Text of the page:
Tokyo hosts face another big problem


    TOKYO. — Japanese doctors and nurses fighting the novel coronavirus will not have the time to volunteer to help at the Olympics, a medical association has said, raising another headache for organizers determined to hold the postponed Games.

    The director of the Tokyo Medical Association, which represents 20,000 doctors from dozens of smaller medical groups, said doctors and nurses were under too much strain dealing with a third wave of the pandemic to even consider signing up for the Olympics.

    “No matter how I look at it, it’s impossible,” said Satoru Arai, whose association was asked by both the Tokyo Olympic Organizing Committee and the Tokyo Metropolitan Government last March to secure more than 3,500 medical staff for the event.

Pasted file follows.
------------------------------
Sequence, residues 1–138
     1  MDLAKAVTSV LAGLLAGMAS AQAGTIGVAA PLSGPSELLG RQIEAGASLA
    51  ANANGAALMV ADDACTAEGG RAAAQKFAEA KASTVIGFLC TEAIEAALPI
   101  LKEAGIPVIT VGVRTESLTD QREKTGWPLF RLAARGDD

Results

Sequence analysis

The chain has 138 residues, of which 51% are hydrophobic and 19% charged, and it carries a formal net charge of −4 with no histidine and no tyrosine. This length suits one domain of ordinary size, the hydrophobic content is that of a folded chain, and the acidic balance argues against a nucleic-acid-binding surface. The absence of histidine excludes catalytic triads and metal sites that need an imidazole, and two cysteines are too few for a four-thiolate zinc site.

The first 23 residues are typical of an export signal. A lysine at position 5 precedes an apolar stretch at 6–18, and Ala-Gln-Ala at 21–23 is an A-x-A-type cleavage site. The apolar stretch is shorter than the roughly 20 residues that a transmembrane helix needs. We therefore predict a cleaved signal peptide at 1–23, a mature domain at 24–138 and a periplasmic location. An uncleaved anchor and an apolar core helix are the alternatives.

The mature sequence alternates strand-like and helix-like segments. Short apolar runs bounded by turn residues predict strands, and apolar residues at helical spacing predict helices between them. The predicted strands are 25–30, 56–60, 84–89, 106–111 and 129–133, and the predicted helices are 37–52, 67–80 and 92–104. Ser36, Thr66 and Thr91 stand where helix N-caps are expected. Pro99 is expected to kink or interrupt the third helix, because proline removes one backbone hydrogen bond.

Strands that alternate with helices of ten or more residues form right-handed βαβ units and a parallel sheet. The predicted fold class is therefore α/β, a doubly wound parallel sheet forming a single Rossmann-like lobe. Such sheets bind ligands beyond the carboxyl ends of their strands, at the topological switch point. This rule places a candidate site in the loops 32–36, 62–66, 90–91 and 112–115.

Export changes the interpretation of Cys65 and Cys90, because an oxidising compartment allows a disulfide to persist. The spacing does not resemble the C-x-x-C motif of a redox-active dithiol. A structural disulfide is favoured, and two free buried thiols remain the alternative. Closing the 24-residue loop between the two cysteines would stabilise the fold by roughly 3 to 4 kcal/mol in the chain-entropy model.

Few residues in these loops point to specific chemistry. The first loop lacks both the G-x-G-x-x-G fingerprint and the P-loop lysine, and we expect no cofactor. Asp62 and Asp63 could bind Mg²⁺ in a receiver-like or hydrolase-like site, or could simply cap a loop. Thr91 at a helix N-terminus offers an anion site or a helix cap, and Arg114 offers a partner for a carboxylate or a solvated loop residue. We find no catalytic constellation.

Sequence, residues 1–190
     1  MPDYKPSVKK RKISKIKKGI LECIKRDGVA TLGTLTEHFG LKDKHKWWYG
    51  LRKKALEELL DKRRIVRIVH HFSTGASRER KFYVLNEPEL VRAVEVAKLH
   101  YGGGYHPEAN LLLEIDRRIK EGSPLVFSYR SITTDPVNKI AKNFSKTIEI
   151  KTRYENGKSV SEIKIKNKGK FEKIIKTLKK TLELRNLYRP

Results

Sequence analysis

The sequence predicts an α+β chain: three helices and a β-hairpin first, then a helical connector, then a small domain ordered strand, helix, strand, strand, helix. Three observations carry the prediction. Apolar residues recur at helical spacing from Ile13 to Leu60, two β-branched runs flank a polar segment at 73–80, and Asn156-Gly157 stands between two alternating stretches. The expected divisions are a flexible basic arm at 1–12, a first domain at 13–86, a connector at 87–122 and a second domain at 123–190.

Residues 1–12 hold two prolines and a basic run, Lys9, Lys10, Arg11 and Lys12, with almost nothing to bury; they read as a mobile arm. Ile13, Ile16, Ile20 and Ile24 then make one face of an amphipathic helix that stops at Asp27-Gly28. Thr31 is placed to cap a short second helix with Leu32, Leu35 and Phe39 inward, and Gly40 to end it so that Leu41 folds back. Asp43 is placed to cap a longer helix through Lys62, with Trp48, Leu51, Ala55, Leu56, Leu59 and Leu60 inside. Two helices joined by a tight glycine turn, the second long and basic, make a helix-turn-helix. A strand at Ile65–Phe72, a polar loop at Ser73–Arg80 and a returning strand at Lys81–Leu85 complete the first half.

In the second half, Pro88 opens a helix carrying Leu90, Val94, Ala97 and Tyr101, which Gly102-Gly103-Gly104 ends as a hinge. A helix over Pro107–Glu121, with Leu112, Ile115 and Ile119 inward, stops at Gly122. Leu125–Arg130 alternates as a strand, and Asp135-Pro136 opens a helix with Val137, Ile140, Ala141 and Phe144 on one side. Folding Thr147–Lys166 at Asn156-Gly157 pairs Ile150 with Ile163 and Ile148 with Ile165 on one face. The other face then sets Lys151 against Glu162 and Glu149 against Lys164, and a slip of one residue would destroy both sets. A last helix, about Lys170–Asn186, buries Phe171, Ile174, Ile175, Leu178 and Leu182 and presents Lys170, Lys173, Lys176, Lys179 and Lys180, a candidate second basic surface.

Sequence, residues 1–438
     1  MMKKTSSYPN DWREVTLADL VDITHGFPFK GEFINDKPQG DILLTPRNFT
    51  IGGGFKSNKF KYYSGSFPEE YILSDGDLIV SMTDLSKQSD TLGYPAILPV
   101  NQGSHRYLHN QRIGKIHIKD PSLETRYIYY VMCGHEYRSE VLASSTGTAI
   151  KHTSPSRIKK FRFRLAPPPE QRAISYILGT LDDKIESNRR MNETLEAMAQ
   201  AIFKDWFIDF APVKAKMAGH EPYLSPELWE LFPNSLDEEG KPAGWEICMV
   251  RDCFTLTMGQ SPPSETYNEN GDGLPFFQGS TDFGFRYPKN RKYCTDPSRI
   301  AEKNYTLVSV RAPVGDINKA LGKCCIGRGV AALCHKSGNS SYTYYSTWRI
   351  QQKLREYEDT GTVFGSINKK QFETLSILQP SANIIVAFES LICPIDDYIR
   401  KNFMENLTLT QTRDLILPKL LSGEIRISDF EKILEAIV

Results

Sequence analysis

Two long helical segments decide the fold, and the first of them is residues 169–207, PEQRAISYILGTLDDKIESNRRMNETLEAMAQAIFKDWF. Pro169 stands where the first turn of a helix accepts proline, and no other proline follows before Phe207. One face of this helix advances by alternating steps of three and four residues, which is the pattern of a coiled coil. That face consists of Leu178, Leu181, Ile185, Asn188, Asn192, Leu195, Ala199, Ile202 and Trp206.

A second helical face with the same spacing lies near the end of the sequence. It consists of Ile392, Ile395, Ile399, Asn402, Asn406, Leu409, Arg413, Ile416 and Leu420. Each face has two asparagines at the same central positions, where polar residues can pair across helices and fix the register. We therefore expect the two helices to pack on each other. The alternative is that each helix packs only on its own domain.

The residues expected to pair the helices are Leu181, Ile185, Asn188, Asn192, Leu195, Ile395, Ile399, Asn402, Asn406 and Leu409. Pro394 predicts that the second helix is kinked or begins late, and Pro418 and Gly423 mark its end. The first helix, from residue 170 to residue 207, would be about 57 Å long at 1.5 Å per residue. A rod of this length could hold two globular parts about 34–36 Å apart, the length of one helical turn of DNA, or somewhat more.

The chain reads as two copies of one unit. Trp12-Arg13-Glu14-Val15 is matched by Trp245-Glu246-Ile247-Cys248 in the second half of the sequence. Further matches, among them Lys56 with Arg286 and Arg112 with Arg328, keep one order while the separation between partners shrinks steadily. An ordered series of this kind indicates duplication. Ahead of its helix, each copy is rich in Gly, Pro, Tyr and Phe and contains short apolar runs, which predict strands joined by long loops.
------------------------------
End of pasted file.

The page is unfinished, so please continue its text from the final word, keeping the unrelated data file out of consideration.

“I’m hearing doctors who initially signed up to volunteer say there’s no way they can take time off to help when their hospitals are completely overwhelmed,” Arai told Reuters this week, adding that he could not bring himself to push for volunteers at such a critical time.

    The Games had to be postponed from last July and August as the coronavirus spread around the world and are now scheduled for July 23-Aug. 8.

    But persistent clusters of infections in Japan have raised questions about the feasibility of holding the Games this year and eroded support for the extravaganza among a public nervous about athletes and spectators bringing in new cases.

    New infections in Japan rose to new highs in early January, triggering a state of emergency in Tokyo and some other areas. The government extended the emergency in most of those places on Tuesday.